Rewind my life back 1 year. I was prepping for graduation, working a job that – though I didn’t hate – wasn’t right for me, and searching for a job after college. At that point, I would have taken anything that was more interesting with better pay. My background in communication had prepared me well […]
Rewind my life back 1 year.
I was prepping for graduation, working a job that – though I didn’t hate – wasn’t right for me, and searching for a job after college. At that point, I would have taken anything that was more interesting with better pay. My background in communication had prepared me well for applications and I knew the drill.
- Find a position that looks “interesting” (at one point I applied for a library software company)
- Read a bit online about the company noting: values, work, trends
- A quick revamp of the old resumé to include these values (and the keywords that are in the job description)
- Piece together a cover letter from scraps of older versions and select vocabulary that a computer will be happy to see using SEO, flagging it for a superior robot (human) to review
- Wait for a call or e-mail.
I had it down pat and I was proud of my (semi) customized emails. I could send to 2-4 companies per day. From these e-mails I got several calls, many interviews, and a couple of offers – but nothing that I was dying to do. Looking back now, it’s because I was spamming companies with my resume. And guess what, I wasn’t the only one doing it. This poor HR manager was having to look through thousands of these ill-crafted and fakely-passionate self-promotions to hopefully find someone who was truly right for the job.
There are a lot of similarities between finding new clients and job searching. I’ve had an “AHA” about these things during this year with Ei, and especially during my time with Soulsight. Here is a brief synopsis of my learnings.
- Start with who you know
I have yet to have a job or project without having a connection or personal introduction with someone there. Your circle is wider than you think. Use LinkedIn to find connections or ask for an introduction. Here in Spain, business relies even more heavily on relationships than in the USA. Without this foundation, there is nothing to build on.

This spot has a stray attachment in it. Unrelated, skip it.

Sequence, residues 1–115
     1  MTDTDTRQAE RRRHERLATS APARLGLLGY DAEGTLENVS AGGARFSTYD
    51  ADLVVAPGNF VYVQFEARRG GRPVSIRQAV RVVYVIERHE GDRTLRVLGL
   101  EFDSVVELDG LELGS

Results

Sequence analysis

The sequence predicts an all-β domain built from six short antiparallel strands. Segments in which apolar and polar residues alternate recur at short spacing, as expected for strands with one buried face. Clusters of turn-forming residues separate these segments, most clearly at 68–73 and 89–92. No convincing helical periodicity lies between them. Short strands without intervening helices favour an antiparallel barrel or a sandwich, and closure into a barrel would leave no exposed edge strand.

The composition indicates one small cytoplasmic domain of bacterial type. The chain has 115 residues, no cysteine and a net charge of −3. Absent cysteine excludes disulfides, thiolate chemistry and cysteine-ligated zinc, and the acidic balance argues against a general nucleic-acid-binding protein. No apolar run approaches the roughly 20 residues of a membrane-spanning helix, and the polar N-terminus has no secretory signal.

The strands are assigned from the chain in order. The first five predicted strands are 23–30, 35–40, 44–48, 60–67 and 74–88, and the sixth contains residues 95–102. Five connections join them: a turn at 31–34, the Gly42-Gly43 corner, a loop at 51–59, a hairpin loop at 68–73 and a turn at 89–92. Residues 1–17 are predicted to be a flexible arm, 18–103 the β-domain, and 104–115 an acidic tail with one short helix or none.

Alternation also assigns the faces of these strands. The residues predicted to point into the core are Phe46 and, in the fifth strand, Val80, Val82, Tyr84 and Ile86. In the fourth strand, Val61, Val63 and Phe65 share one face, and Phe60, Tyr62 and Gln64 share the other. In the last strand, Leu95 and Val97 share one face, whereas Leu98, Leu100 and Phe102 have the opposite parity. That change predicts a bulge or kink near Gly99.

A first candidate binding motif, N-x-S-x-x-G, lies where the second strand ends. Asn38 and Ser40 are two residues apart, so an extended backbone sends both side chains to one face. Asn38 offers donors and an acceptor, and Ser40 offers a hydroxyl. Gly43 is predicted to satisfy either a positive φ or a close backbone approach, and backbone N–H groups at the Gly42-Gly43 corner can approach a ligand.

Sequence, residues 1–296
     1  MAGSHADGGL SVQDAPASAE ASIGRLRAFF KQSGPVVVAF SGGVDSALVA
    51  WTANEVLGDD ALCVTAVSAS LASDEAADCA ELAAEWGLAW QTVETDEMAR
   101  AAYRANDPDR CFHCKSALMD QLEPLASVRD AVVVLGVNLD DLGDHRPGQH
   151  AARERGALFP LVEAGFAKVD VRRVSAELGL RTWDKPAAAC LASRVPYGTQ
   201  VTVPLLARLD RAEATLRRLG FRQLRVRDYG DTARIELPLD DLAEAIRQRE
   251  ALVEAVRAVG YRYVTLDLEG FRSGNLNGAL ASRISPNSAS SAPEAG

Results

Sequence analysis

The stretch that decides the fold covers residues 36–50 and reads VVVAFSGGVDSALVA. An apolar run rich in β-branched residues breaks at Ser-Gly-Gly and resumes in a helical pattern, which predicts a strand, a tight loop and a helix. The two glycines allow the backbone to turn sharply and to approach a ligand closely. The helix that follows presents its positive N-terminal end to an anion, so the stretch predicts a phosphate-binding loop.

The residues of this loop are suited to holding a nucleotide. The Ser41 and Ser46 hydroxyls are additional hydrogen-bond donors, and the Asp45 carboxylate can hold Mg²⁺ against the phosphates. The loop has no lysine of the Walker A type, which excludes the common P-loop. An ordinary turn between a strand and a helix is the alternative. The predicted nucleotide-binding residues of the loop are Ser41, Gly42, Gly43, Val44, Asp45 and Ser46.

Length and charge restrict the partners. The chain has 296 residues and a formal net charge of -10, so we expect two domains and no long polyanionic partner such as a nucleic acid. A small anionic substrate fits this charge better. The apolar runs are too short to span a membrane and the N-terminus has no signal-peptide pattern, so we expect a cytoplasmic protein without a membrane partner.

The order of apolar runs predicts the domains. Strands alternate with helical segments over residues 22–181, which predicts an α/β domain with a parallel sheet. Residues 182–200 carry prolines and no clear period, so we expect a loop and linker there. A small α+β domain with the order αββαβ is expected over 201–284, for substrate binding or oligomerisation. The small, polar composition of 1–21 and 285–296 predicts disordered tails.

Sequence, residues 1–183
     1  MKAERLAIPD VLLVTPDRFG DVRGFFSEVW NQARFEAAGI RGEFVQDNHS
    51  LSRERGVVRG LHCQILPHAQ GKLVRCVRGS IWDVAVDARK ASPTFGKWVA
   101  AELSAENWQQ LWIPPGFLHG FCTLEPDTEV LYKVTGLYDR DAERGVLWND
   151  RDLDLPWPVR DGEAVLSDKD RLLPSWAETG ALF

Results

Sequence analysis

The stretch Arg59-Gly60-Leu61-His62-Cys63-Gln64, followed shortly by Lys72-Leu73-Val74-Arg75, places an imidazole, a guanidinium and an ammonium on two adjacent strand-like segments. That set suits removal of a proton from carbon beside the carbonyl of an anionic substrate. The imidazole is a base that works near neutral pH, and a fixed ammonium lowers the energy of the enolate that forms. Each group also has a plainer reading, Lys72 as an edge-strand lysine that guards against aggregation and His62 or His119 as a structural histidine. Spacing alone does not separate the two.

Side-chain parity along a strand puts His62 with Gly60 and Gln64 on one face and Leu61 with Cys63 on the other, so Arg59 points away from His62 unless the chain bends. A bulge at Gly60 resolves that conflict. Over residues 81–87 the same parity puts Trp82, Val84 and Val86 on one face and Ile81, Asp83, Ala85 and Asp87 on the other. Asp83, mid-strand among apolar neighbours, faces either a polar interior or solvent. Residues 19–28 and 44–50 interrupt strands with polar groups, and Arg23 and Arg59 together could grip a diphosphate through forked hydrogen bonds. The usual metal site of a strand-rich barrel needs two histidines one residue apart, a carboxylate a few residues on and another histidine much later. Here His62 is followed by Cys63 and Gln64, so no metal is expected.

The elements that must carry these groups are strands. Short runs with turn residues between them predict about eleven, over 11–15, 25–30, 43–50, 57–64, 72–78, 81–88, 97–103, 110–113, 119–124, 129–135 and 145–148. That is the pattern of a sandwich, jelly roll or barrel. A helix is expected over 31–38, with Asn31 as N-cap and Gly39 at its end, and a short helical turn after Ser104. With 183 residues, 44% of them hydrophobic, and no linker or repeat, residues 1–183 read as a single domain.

- Follow companies you love
Start a list of companies that you would LOVE to work for. Follow them on social media and see what they post. Understand what it is that they value. What stories do they share? What are your mutual interests? They might lead you to something that you are even more excited about!
Research is key! While working on a proposal at Soulsight for Google, we researched for several days to understand their market position and how we could be the most valuable to them. I’m surprised by how little research most people do before they apply to a job – especially if it is their first job. I have friends who will spend longer reading yelp reviews to find a restaurant than deciding where to work. If you are going to spend a huge chunk of your life at your job (which you will), make sure you know what you are signing up for.
- Present yourself in a way that makes you stick out
If you’ve done the above, you should be very prepared to apply to a job. Now do something that makes you stick out. Make it visual. A well crafted movie, infographic, or keynote presentation is much more compelling and tells a better story than a traditional resume. Soulsight has their own method: They paint a mural that explains what they envision in the future work. And let me tell you, it works. Tell your story in a way that is engaging.
My new rule of thumb: If I’m not willing to put in 8 hours working on an application, then it isn’t a job that I want badly enough.
Stop spamming HR and treat each application as a process to learn more about yourself and other organizations. It’s all worth it for a project you’ll love!